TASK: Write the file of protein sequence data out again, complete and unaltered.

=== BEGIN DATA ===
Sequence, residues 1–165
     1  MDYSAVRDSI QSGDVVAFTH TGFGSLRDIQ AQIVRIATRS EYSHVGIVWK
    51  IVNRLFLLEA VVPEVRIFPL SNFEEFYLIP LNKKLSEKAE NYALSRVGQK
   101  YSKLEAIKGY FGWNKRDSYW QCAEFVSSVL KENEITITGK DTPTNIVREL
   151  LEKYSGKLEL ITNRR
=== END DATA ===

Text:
Sequence, residues 1–165
     1  MDYSAVRDSI QSGDVVAFTH TGFGSLRDIQ AQIVRIATRS EYSHVGIVWK
    51  IVNRLFLLEA VVPEVRIFPL SNFEEFYLIP LNKKLSEKAE NYALSRVGQK
   101  YSKLEAIKGY FGWNKRDSYW QCAEFVSSVL KENEITITGK DTPTNIVREL
   151  LEKYSGKLEL ITNRR